Breastfeeding at Court -
Frequently Asked Questions

The Scottish Courts and Tribunals Service (SCTS) is committed to mainstreaming equality, diversity and inclusion and is developing a culture where these values are firmly established in the way we conduct our business.

Pregnancy and maternity is a protected characteristic under the Equality Act 2010 and SCTS recognises its obligation to prevent discrimination against women who are pregnant, on maternity leave or breastfeeding – this applies to all service users. However, section 50 of the Criminal Procedure (Scotland) Act 1995, prevents any child under 14 years of age, other than an infant in arms, from being in court during criminal proceedings (unless they are a party or a witness).


Does SCTS have a policy on allowing women to breastfeed within court premises? 

SCTS fully embraces the aim of the Breastfeeding etc. (Scotland) Act 2005 to enable any person to breastfeed in the most appropriate place. The Act applies to all employers and employees in premises where the public have general access. 

It is SCTS’s responsibility to ensure that all staff members are fully aware of the terms of the Act. SCTS staff  have a duty to ensure that mothers who are feeding their children are not prevented from doing so or interrupted in any way. Anyone who tries to stop or prevent a person feeding milk to a child under the age of 2 years can be prosecuted. 

If SCTS staff members are approached by a breastfeeding mother they should:

• be prepared to offer assistance – some mothers may want to feed in private and staff should think about ways in which they could support this.

• respect their space – staff should try not to interrupt or disturb breastfeeding mothers unnecessarily.

In all circumstances, the question of making reasonable adjustments is carefully considered in order to ensure that breastfeeding mothers are not treated less favourably than other service users.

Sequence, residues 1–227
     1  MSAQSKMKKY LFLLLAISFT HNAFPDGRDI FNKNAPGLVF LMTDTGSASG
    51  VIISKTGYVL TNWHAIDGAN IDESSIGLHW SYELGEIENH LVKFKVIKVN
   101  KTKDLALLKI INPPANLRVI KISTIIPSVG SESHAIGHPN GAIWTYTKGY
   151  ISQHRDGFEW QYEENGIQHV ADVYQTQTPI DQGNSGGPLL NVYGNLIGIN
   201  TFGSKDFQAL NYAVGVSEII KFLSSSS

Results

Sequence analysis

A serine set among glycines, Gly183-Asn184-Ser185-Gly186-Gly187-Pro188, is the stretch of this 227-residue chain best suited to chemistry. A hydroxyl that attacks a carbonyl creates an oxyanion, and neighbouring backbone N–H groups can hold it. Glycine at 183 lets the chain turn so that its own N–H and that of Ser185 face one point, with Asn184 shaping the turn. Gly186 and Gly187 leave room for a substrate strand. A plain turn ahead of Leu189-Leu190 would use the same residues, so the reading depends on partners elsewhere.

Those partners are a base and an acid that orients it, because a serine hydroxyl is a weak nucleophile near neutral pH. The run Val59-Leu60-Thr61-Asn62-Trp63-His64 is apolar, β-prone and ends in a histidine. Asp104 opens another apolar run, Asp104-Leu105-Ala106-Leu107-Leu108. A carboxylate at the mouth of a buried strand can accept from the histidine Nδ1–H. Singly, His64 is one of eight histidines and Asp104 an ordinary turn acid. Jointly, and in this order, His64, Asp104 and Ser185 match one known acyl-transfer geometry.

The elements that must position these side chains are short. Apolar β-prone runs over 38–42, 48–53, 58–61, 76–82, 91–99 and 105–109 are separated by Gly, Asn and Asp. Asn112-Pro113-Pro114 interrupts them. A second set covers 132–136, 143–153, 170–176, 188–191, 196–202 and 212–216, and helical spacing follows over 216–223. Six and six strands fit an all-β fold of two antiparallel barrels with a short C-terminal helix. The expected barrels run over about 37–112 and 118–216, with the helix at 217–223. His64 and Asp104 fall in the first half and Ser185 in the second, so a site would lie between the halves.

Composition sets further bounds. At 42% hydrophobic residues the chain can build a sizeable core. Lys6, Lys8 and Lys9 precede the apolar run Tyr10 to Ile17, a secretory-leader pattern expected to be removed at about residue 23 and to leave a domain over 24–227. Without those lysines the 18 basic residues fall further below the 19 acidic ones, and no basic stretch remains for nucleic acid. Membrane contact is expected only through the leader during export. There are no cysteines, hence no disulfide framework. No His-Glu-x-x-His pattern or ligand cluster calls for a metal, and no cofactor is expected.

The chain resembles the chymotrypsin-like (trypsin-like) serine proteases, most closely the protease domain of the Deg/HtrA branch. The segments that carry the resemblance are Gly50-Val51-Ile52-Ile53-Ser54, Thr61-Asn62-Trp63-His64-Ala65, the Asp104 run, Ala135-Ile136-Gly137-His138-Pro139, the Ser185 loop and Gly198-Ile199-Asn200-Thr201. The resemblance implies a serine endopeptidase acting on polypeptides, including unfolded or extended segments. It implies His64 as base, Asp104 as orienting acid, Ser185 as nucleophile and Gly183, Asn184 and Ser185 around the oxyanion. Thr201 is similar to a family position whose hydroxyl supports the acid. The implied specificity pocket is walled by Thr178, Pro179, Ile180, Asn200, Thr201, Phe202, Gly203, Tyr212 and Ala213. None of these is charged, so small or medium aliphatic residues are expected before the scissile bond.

For more information please refer to the Scottish Government’s leaflet.

Is breastfeeding permitted in the court room whilst it is sitting? 

Breastfeeding is permitted in court rooms however it is always subject to the interests of justice and the conduct of court proceedings. It is a matter for the presiding judge/sheriff or justice of the peace in each case.


Can breastfeeding mothers be excused from jury duty?

The clerk of court will consider requests for excusal on an individual basis and will take an appropriate view based on the circumstances of each individual.  Anyone wishing to be excused from jury service is normally asked to submit their reasons to the court for consideration and to include any relevant supporting documentation.

It is not our policy to request a medical certificate to support a request for excusal on the grounds of breastfeeding. Requests for excusal on the basis of breastfeeding should not be refused.


Can breastfeeding mothers serve on the jury?

If a juror decides not to seek excusal, the court will consider, on a case-by-case basis, whether it would be practical for the breastfeeding mother to serve on the jury. Although we will always try to assist with enabling this, it should be noted that the practicalities involved could make breastfeeding in the course of jury service extremely difficult (in particular, during the period in which the jury is secluded)


What guidance can you provide for breastfeeding mothers who have been called as a witness?

Ultimately the excusal of a witness is a matter for the Crown Office and Procurator Fiscal Service (COPFS) or the Solicitor who has cited the witness to attend. In line with the SCTS Court User’s Charter, staff members in our courts and tribunals welcome contact from those requiring support or additional facilities to allow any specific arrangements to be discussed. The matter would be brought to the attention of the presiding judge/sheriff/justice of the peace to ensure that appropriate arrangements can be put in place to facilitate the feeding process.

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